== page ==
We have joked on here about Elon Musk and the robot uprising. But the truth is, there is the possibility for technology to be used in a nefarious way. What that is, or what that will actually look like is anyone’s guess. I think the fear is that there are a lot of bad people in the world, and what they choose to do with their money (or their country’s money if they’re a leader) can be a scary thought. Which is why I was happy to hear that 2,400 individuals and 160 companies and organizations signed a pledge, which indicates they will:
“neither participate in nor support the development, manufacture, trade or use of lethal autonomous weapons.”
What does that really mean though? To back up a bit, during the Joint Conference on Artificial Intelligence, the Future of Life Institute made this announcement. Those who signed the declaration are from 90 countries globally, and they are also calling on governments to pass laws against these weapons as well. Before I go too much further, I’d like to pose another question. Does a signature or this declaration mean anything in the end? On one hand, it signals to the world that country x will not participate in the development of these weapons. But what if someone else comes into power down the road? Perhaps they have a different view on it. I hate talking in worst case scenarios, but I think we have to in this particular case.
Google DeepMind and Xprize Foundation are among the groups who have signed the declaration. DeepMind co-founders Demis Hassabis, Shane Legg and Mustafa Suleyman have signed as individuals. But let’s not forget about Elon Musk. Of course, he was there signing, because like I’ve said many times before, he is very worried about the robot uprising. But why are they signing this pledge now?
Many companies are facing backlash over their technologies and how they’re providing them to government and law enforcement agencies. Google has come under fire for its Project Maven Pentagon contract, which is providing AI technology to the military in order to help them flag drone images that require additional human review. Microsoft has been called out for providing services to Immigration and Customs Enforcement (ICE). So it kind of makes sense that there are organizations out there pledging that they won’t use technology for bad things. Or at least worse things.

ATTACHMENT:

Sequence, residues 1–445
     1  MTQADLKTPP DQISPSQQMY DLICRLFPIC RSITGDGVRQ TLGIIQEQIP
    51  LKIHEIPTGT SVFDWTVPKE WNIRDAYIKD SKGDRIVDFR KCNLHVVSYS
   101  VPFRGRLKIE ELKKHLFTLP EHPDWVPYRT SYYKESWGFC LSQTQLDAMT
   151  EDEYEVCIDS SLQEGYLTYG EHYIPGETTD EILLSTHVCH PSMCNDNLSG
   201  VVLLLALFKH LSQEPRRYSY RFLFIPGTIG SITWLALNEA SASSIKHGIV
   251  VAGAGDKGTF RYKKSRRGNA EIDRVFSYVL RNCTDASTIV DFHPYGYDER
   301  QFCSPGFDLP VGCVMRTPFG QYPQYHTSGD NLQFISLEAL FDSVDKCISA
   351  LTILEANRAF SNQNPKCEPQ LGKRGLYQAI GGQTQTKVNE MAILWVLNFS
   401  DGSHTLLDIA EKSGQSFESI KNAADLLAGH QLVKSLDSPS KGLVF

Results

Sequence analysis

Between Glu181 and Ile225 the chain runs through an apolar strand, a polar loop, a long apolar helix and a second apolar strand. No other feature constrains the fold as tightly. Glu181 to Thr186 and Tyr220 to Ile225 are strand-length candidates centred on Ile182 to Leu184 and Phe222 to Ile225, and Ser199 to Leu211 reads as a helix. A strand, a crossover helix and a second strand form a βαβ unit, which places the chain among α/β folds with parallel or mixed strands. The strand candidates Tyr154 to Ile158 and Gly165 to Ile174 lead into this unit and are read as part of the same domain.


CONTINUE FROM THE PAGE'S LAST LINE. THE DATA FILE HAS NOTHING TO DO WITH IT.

The pledge says:
“Thousands of AI researchers agree that by removing the risk, attributability and difficulty of taking human lives, lethal autonomous weapons could become powerful instruments of violence and oppression, especially when linked to surveillance and data systems.”
President of the Future Life Institute, Max Tegmark had this to say:
“I’m excited to see AI leaders shifting from talk to action, implementing a policy that politicians have thus far failed to put into effect. AI has huge potential to help the world — if we stigmatize and prevent its abuse. AI weapons that autonomously decide to kill people are as disgusting and destabilizing as bioweapons, and should be dealt with in the same way.”
Tegmark isn’t wrong, so I’m happy to see that there are steps being taken. But like I said earlier – by simply signing this pledge, doesn’t necessarily mean that the company isn’t going to do something down the road. Which is why it’s great to see companies like Google already releasing their own set of principles, which guide the company’s ethics on AI technology. Microsoft has stated that their work with ICE is limited to email, calendar, messaging and document management and specifically doesn’t include any facial recognition technology. They too are also working on a set of guiding principles for their facial recognition work. For better or for worse, it’s these tech giants that run the world right now. Hopefully, they use that power wisely.